First LRASM Air-Launch test completed by Lockheed Martin
The test, which was in support of the Defense Advanced Research Projects Agency and the Office of Naval Research program, took place over the Sea Range at Point Mugu, California. A U.S. Air Force B-1B from the 337th Test and Evaluation Squadron at Dyess Air Force Base, Texas released the test missile.
During the test, the missile was able of navigating through all waypoints, went to autonomous guidance and then flew towards the maritime targets using inputs from the onboard multimodal sensor. It made a positive identification of the target and struck it.
"This is a monumental accomplishment for the LRASM program and paves the way for subsequent missile launches," Mike Fleming, the LRASM air launch program manager at Lockheed Martin Missiles and Fire Control, said. "The multi-service and industry team was well-coordinated and operated seamlessly in the execution of this very important test."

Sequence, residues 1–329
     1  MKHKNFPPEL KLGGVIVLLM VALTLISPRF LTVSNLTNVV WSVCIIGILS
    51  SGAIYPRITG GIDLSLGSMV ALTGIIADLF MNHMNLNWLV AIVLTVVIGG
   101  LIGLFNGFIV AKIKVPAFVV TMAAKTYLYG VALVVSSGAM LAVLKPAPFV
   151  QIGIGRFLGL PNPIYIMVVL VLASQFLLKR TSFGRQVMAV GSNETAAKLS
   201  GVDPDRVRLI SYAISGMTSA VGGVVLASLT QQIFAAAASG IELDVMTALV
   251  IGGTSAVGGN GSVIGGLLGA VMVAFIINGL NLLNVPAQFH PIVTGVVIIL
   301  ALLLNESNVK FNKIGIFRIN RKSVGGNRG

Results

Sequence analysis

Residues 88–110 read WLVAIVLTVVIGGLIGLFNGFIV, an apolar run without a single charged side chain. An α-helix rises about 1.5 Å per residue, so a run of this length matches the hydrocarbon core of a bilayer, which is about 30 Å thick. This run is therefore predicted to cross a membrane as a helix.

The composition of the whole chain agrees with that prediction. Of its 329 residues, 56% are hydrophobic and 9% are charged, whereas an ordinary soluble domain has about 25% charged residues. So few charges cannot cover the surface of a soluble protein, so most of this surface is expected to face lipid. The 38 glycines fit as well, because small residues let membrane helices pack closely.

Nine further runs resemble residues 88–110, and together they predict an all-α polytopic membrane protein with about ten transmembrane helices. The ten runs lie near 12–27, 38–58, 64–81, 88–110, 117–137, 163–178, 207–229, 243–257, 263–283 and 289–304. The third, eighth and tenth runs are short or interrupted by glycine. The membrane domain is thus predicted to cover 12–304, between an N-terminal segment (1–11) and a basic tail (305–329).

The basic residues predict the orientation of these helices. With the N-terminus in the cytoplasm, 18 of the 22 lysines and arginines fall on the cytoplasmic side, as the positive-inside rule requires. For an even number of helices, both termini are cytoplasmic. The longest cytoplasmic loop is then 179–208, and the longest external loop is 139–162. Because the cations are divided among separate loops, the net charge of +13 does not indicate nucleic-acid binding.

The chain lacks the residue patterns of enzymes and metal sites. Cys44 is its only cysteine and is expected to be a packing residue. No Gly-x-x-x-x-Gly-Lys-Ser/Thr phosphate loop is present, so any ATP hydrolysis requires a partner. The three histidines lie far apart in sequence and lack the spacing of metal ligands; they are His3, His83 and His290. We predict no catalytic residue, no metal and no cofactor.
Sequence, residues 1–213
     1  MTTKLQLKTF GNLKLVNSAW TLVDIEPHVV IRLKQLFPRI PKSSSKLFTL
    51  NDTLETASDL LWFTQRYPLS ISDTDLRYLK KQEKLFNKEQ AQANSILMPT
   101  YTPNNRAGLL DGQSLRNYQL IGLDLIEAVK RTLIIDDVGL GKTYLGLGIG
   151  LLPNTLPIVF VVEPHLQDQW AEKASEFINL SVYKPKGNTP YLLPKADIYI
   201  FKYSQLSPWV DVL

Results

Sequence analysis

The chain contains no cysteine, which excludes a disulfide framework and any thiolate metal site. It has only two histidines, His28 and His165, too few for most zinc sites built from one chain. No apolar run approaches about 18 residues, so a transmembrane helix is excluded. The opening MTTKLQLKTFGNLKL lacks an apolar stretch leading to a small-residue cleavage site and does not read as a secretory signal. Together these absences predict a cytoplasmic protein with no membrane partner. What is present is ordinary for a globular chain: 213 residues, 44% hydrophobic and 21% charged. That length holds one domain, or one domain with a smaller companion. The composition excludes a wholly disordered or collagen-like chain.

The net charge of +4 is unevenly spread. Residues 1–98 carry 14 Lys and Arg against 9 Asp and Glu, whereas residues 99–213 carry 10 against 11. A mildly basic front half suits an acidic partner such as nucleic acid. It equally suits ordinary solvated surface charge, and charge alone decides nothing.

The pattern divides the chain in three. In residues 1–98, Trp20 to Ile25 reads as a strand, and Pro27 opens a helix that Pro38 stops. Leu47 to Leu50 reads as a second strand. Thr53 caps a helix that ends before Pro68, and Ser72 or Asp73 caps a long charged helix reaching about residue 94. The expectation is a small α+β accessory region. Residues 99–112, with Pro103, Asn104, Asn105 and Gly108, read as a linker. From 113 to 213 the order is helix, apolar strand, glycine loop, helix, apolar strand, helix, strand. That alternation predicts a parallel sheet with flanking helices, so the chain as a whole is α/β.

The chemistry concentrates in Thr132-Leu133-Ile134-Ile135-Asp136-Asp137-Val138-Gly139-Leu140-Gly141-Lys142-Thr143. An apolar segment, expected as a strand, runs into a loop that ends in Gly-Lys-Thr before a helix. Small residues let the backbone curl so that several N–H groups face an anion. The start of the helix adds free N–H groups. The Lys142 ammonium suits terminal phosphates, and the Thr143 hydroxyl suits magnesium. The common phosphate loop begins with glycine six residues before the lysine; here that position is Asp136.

LRASM is an autonomous, precision-guided anti-ship standoff missile. It comes from the successful Joint Air-to-Surface Standoff Missile Extended Range program that was designed to meet the U.S. Air Force and Navy's warfighters needs of a anti-access and area-denial threat environment.
LRASM is armed with a 1,000 pound penetrator and blast-fragmentation warhead. It also has a multi-mode sensor, weapon data link and an enhanced digital anti-jam global positioning system.